Fans of uranium mining acknowledge that uranium mining has had “shameful legacy in terms of human and environmental devastation.” As noted by the Natural Resources Defense Council in recent comments to the Nuclear Regulatory Commission:
The history of uranium recovery and management in the United States (and, indeed around the globe) is replete with environmental damage, serious worker safety and health abuses, and harm to entire communities….Additionally, most of the environmentally damaged sites have not received adequate cleanup of past harms, and for what little cleanup has been done, most of the cost has been borne by taxpayers rather than the companies and associated beneficiaries of the uranium mined.
In “Exposure Pathway and Health Effects Associated with Chemical and Radiological Toxicity of Natural Uranium: A Review,” (2005) Dr. Doug Brugge and others at the Tufts University School of Medicine noted:
Currently, the EPA lists 23 National Priorities List (NPL) sites where uranium is a contaminant of concern …. Uranium, however, is explicitly excluded from the scoring system that is used to place sites on the NPL precluding most abandoned mines from being listed.
For more about environmental and human health impacts from different types of mining, even after studies promised minimal or no impact, go here.
Numerous health problems are associated with uranium and its associated decay products. These include cancer from radon, birth defects and kidney problems from uranium, bone cancer and leukemia from radium, and lung and skin cancer from arsenic.
According to the EPA website
There are four principal ways (or exposure pathways) that the public can be exposed to the hazards from this waste.”
“The first is the diffusion of radon gas directly into indoor air if tailings are misused as a construction material or for backfill around buildings. When people breathe air containing radon, it increases their risk of developing lung cancer.”
Second, radon gas can diffuse from the piles into the atmosphere where it can be inhaled and small particles can be blown from the piles where they can be inhaled or ingested.”
“Third, many of the radioactive decay products in tailings produce gamma radiation, which poses a health hazard to people in the immediate vicinity of tailings.”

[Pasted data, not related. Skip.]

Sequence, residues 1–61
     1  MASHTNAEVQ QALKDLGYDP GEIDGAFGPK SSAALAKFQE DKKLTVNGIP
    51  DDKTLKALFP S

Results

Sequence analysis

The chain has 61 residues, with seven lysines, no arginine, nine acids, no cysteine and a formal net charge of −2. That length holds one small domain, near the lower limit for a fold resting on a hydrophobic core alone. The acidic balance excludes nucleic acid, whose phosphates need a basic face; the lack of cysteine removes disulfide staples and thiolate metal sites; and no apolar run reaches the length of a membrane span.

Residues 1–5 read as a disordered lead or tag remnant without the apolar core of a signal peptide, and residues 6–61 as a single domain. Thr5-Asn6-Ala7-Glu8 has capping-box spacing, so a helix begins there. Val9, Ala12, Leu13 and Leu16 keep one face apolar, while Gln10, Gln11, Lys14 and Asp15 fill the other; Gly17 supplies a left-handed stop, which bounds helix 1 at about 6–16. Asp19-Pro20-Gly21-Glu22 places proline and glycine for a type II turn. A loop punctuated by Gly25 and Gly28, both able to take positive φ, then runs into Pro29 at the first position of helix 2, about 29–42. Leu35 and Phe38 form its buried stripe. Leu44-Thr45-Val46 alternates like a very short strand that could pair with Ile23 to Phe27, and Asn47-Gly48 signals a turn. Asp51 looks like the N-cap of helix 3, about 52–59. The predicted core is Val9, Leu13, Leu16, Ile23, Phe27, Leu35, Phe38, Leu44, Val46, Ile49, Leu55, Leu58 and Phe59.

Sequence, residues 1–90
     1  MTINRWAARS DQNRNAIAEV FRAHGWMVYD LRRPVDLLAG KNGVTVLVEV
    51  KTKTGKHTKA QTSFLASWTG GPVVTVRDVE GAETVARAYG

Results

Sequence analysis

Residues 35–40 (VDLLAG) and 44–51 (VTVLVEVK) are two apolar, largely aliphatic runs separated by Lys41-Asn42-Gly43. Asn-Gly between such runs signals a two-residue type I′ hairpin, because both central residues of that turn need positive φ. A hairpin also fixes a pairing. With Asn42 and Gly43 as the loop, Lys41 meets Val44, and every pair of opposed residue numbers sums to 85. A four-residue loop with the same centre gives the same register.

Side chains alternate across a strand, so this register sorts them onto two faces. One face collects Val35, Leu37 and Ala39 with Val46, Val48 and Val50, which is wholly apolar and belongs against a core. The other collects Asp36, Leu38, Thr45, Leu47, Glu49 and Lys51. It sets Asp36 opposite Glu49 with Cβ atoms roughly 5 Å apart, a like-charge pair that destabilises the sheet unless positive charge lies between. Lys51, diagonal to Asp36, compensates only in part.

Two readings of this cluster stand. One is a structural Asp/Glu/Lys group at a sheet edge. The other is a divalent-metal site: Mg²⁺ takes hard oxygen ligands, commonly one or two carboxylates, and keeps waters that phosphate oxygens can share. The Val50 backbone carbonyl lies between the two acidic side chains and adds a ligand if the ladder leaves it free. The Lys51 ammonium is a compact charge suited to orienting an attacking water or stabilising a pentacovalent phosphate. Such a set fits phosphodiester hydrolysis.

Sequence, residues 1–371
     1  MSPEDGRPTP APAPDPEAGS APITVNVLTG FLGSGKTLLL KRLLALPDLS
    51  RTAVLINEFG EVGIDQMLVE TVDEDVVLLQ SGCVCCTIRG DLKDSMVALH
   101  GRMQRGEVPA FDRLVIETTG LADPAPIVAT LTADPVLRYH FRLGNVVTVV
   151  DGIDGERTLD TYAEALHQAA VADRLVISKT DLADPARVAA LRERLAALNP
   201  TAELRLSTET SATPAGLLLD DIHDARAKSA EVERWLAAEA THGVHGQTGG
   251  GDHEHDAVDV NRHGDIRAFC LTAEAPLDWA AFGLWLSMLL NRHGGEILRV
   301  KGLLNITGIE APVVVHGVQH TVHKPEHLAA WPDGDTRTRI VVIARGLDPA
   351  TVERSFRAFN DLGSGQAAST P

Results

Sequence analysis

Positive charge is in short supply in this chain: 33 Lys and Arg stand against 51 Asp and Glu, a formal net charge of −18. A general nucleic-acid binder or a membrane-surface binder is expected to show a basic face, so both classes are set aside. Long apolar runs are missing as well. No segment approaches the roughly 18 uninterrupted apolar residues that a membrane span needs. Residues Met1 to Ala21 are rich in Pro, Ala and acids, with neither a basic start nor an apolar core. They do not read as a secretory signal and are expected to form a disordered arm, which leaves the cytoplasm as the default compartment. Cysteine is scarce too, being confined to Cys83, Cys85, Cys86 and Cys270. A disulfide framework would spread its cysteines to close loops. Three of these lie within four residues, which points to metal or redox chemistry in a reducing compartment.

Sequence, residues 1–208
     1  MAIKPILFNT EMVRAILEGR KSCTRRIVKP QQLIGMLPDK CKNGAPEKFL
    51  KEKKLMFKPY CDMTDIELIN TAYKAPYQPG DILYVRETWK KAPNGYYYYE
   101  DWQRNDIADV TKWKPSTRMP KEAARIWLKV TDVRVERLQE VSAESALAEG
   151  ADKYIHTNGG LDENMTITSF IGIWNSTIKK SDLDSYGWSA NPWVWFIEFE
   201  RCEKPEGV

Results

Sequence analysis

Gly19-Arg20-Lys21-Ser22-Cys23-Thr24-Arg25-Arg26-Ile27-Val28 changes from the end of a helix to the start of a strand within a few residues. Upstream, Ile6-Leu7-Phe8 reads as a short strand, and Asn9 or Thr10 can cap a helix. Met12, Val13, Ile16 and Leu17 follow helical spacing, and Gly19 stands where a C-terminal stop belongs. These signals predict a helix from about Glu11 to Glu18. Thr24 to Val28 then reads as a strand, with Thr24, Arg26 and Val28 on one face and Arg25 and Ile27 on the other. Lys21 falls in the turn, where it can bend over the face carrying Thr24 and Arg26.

“Finally, the dispersal of tailings by wind or water, or by leaching, can carry radioactive and other toxic materials to surface or ground water that may be used for drinking water.”
In 2007, the Colorado Medical Society resolved that it “opposes the practice of in-situ and open pit mining of uranium due to the adverse health impact of radioactively contaminated water on our agriculture, livestock and civilian population.” In his 2007 testimony before Congress, Dr. Brugge described “uranium ore … [as] a toxic brew of numerous nasty hazardous materials.”
According to the EPA’s TENORM Report, “Water is perhaps the most significant means of dispersal of uranium and related [radioactive materials] in the environment from mines and mine wastes…Uranium is very soluble in acidic and alkaline waters and can be transported easily from a mine site.” This is bad. No state in which rainfall exceeds evaporation has ever allowed uranium mining within its borders. If Virginia allows uranium mining, it would be the first.
Water is used (and contaminated) in the milling process. In addition, rain falling on waste products from the mining and milling processes picks up radioactive and other toxic elements which can end up and remain in surface and ground waters for thousands of years. In the 1980s, Marline Uranium estimated that the waste pile from their proposed Virginia operation would cover 930 acres, 100 feet deep.
Mining and milling the proposed Coles Hill site in Pittsylvania County would generate hundreds of acres of radioactive waste and contaminate millions of gallons of water. To mine uranium safely, hundreds of millions of gallons of contaminated and radioactive water will have to be prevented from running into Virginia streams or leaching into the ground water. Virginia’s most populous communities lie downstream of the uranium leases filed in the 1980s.
Virginia’s Acute Rainfall Events
Not only does the Virginia Piedmont have greater annual rainfall than other uranium mining communities, it also has greater acute rainfall events. Two of the top five most intense 12-hour storms in the United States occurred in the Virginia Piedmont.
Map of 12-hour storm events.
Twenty-seven inches of rain fell on Nelson County in 1969. Twenty-nine inches fell in Madison County in 1995. Significant flooding also happened in Pittsylvania County in 1996 during Hurricane Fran.
View home video footage & map of the flooding event.
As noted by Elizabeth Haskell in her dissent to the recommendation of the Uranium Subcommittee/Uranium Administrative Group: “In Virginia’s wet climate where water is discharged from the site and filters through tailings, the transmittal of radiation to people through streams and the groundwater is a major issue.”
This experiment should not be conducted on Virginia. Virginia should take no action to initiate or sanction a study of uranium mining until the proponents of mining provide reviewable information demonstrating that mining and milling have been undertaken in five places with climate, geology, and population density similar to Virginia and in such a manner as to safeguard the environment, natural and historic resources, agricultural lands, and the health and well-being of citizens of those communities.
Uranium Mining Maps
Here are some maps related to uranium mining in Virginia, courtesy of the Piedmont Environmental Council.